Acts done within the scope of employment are acts performed on behalf of a corporation and directly related to the performance of the duties the agent or employee has general authority to perform. Apparent authority is the authority that outsiders could reasonably assume the agent or employee would have, judging from his position with the company, the responsibilities entrusted to him or his office, and the circumstances surrounding his conduct.

To summarize, in order for a corporation to be legally responsible for the acts or statements of its employees or agents, you must find that the employee or agent was acting on behalf of the corporation within the scope of his employment or his actual or apparent authority.

If you conclude that an employee or agent of the defendant corporation, acting on behalf of the corporation and within the scope of his employment or apparent authority, engaged in acts constituting aiding and abetting as charged in the Indictment, then it is no defense that the defendant had instructed its employees or agents, either orally or in writing, not to engage in such conduct or to otherwise comply with the law.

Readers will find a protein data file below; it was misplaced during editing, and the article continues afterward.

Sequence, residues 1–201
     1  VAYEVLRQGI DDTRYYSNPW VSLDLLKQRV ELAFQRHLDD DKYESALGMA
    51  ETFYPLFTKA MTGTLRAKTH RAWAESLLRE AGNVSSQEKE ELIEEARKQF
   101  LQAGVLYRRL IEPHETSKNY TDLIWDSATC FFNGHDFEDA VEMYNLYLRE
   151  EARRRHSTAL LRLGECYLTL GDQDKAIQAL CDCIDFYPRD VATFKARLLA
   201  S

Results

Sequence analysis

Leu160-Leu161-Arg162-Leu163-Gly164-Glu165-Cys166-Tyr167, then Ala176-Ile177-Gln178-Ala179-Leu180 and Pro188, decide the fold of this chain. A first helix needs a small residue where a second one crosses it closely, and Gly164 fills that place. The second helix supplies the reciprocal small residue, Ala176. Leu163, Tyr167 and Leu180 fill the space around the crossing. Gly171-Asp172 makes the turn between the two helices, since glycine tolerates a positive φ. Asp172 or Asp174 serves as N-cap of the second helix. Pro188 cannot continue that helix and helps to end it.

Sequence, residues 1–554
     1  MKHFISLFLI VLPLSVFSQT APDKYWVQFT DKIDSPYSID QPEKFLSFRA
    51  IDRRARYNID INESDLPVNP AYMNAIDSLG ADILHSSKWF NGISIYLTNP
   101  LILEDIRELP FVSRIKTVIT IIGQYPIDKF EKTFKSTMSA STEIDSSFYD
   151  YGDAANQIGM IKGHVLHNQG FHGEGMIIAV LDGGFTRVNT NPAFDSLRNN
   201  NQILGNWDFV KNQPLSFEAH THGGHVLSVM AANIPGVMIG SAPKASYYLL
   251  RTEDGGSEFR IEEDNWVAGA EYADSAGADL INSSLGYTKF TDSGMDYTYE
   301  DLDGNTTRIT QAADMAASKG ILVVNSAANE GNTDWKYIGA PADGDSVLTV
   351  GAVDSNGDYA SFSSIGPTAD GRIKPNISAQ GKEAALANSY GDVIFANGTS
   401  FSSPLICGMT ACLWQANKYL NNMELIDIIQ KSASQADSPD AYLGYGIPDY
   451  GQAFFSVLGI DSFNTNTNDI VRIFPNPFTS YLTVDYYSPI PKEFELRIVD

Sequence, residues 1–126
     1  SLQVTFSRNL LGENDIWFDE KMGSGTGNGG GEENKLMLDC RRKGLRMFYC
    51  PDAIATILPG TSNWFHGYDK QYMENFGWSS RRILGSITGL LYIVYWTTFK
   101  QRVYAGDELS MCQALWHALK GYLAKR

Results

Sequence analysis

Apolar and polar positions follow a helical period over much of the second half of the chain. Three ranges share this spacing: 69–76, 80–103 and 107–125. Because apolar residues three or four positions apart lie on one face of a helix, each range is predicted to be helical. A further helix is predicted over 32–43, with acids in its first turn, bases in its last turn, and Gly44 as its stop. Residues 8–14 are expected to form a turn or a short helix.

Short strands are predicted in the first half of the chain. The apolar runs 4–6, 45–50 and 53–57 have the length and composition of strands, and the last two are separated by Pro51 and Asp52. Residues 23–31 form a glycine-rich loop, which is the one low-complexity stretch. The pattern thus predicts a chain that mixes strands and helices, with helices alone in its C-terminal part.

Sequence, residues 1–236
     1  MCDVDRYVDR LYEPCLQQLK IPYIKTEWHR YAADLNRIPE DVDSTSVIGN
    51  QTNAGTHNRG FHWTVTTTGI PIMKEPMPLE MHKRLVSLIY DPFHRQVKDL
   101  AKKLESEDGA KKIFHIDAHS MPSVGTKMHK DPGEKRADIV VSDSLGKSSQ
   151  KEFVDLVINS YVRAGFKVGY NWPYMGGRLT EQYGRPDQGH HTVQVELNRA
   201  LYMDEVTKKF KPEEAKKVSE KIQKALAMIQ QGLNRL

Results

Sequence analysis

A corporation is entitled to the same fair trial as a private individual. It is entitled to the same presumption of innocence as private individuals, and it may be found guilty only if the evidence establishes such guilt beyond a reasonable doubt. All persons, including corporations, stand equal before the law.

Authorities

American Bar Association, Sample Jury Instructions in Criminal Antitrust Cases, No. 15, at 51 (1984).

United States v. Portac, Inc., 869 F.2d 1288, 1293 (9th Cir. 1989), cert. denied, 498 U.S. 845 (1990).

United States v. Basic Const. Co., 711 F.2d 570, 573 (4th Cir.), cert. denied, 464 U.S. 956 (1983).

United States v. Koppers Co., 652 F.2d 290, 298 (2nd Cir.), cert. denied, 454 U.S. 1083 (1981).

United States v. American Radiator & Standard Sanitary Corp., 433 F.2d 174, 204-205 (3rd Cir. 1970), cert. denied, 401 U.S. 948 (1971).



GOVERNMENT'S REQUEST NO. 5(a)

Corporate Knowledge

One of the elements which the Government must prove beyond a reasonable doubt to convict the defendant of aiding and abetting is that it knew of the existence of the price-fixing conspiracy charged in the Indictment.